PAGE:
At this point in my thoughts I heard a discreet, but obviously impatient and confidential scratching at the door; and before I realized what I was doing I had undone my belt, slipped off my trousers, then thrown down the mattress and laid myself flat on the bed. Then I called to Rita to come in.

  She came in immediately, assured herself by a quick glance that I was on the bed, and then turned to close the door. I lay with my whole body quite still, except in that place to which desire sent a surge of excited blood: I stared fixedly at my belly, my chin glued to my chest, just as a corpse lying on a catafalque seems to be staring at its own body after it is laid out and ready to be carried to the cemetery. Rita, meanwhile, had come forward and was standing close against the bed; she appeared to be contemplating me, through her hypocritical glasses, as one contemplates an object which one has never seen before and which is worth studying. Then I put out my hand and took hold of her hand which was hanging at her side and pulled it forward in the way one pulls at the bridle of an animal that is not so much recalcitrant as timid; and I felt her whole body following the direction of her hand. I guided her hand toward the center of my body, and as soon as I was sure that her hand had closed, I let go of it. She was now standing quite still, bending slightly forward, her arm stretched out over me, a lively red in her cheeks below the two dark circles of her glasses. Then she said in a slow, contented voice: “How disgusting!” and I was surprised because those were the words I would have used myself to express the mingled feeling of repugnance and excitement that I had at that moment.

  I heaved a deep sigh and asked, finally, in a low voice and without looking at her: “Why did you come here?”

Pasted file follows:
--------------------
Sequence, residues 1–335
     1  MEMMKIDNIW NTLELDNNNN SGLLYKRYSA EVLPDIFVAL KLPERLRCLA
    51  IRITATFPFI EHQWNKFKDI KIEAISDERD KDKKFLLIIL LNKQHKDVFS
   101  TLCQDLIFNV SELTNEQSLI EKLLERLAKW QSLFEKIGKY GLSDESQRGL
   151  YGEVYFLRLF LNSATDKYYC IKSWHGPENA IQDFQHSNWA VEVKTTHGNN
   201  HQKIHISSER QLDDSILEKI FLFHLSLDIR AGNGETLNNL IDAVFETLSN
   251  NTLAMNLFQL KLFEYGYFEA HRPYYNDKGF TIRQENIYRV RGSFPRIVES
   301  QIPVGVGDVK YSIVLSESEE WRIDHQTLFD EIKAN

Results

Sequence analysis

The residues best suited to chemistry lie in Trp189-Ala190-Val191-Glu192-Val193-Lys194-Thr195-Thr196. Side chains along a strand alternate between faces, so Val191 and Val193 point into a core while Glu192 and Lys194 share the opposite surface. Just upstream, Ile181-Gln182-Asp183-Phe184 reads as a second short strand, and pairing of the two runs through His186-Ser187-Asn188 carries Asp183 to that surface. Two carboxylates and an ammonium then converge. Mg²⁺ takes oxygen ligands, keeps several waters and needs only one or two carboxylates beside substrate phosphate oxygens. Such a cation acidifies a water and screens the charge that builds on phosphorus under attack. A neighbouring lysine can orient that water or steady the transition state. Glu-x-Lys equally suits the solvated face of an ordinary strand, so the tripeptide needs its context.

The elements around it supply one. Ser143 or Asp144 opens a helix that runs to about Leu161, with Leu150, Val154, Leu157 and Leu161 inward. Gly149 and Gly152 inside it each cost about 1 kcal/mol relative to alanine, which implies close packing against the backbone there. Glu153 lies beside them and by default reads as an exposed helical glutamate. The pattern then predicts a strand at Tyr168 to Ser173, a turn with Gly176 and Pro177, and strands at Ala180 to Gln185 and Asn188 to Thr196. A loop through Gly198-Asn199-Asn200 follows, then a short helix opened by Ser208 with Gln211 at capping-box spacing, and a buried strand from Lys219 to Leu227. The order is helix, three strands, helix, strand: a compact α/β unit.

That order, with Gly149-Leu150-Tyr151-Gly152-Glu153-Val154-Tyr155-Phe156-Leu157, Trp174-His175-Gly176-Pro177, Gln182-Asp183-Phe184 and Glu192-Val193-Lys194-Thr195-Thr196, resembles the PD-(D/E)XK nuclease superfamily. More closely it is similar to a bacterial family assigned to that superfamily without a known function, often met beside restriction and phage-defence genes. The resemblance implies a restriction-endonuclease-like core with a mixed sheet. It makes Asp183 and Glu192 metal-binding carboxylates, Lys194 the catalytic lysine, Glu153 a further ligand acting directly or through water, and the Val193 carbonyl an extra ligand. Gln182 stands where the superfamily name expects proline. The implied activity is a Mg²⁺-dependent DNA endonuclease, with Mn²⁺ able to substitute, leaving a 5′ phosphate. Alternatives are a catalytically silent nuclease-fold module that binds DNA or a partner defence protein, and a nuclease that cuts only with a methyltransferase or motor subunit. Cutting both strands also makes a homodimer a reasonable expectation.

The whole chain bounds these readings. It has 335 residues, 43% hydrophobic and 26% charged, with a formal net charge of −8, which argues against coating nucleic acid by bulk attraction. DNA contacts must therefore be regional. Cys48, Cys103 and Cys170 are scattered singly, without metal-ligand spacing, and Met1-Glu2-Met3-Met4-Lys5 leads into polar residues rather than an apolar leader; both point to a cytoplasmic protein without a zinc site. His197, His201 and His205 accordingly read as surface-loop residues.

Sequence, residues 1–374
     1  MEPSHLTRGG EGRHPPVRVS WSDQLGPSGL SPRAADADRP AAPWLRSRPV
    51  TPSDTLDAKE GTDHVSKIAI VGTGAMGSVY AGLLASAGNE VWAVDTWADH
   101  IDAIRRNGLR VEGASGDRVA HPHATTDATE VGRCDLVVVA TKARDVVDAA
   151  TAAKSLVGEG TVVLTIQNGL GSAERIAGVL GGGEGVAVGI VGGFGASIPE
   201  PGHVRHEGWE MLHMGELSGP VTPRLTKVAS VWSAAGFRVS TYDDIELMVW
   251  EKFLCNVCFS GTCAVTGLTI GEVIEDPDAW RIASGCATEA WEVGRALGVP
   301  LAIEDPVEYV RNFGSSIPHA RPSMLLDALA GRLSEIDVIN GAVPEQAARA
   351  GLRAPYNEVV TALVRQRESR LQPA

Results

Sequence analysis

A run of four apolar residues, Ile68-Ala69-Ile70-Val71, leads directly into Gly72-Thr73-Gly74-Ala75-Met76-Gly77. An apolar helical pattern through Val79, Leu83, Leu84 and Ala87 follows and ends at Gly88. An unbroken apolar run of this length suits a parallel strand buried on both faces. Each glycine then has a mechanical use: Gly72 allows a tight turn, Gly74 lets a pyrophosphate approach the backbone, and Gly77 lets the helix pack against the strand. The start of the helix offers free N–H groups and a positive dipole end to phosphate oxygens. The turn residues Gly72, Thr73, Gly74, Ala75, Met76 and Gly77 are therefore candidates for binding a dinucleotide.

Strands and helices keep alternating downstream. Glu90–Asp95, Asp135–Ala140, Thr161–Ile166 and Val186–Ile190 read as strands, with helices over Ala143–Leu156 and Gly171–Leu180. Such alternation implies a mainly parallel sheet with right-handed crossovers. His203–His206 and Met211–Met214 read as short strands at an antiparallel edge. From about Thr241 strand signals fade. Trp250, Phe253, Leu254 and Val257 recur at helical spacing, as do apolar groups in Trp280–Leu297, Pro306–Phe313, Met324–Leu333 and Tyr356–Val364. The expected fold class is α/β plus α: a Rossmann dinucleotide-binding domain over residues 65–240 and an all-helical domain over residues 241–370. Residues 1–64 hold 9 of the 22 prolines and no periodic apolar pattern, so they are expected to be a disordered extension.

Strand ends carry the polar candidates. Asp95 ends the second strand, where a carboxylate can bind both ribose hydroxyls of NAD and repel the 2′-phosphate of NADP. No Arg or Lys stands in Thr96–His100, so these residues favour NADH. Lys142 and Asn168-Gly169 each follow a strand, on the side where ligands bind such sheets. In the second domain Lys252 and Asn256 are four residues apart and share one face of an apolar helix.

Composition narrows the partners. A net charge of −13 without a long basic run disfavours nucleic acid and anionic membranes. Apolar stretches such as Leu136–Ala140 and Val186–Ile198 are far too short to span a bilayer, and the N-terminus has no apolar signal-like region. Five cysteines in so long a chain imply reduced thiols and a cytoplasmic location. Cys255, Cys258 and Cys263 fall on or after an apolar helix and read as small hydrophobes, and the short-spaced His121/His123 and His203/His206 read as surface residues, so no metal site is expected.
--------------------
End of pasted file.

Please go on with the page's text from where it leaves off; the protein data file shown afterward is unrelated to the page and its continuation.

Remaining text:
She said nothing; she seemed incapable of speaking.

  “To take the stain out of my trousers? Well then, go and do it. What are you waiting for?”

  I saw her give a start, as though I had hit her in the face. Reluctantly, she opened her fingers, one after the other, then she went out of my field of vision. I realized she had gone out of the room too, for I heard the sound of the door opening and shutting. As soon as I was sure she had gone, I jumped off the bed and went and opened the wardrobe. As I was hoping, beside the silk dressing gown which, according to my mother’s advice, I ought to be putting on, there was hanging in a cellophane bag the only suit I had not taken away with me when I had gone to live in the studio—my dinner jacket and trousers. I took out the trousers and put them on. They fitted me pretty well, though perhaps a bit large in the waist; I had been fatter ten years ago, for my mother’s food was richer and more nourishing than that of the modest restaurants I had been frequenting recently. I looked at myself in the glass; with my brown linen jacket and black trousers I had the appearance of an unemployed waiter. Very slowly I opened the door and, seeing that there was no one there, ran hurriedly downstairs and, avoiding the reception rooms, went along the passage into the hall and so out of the front door.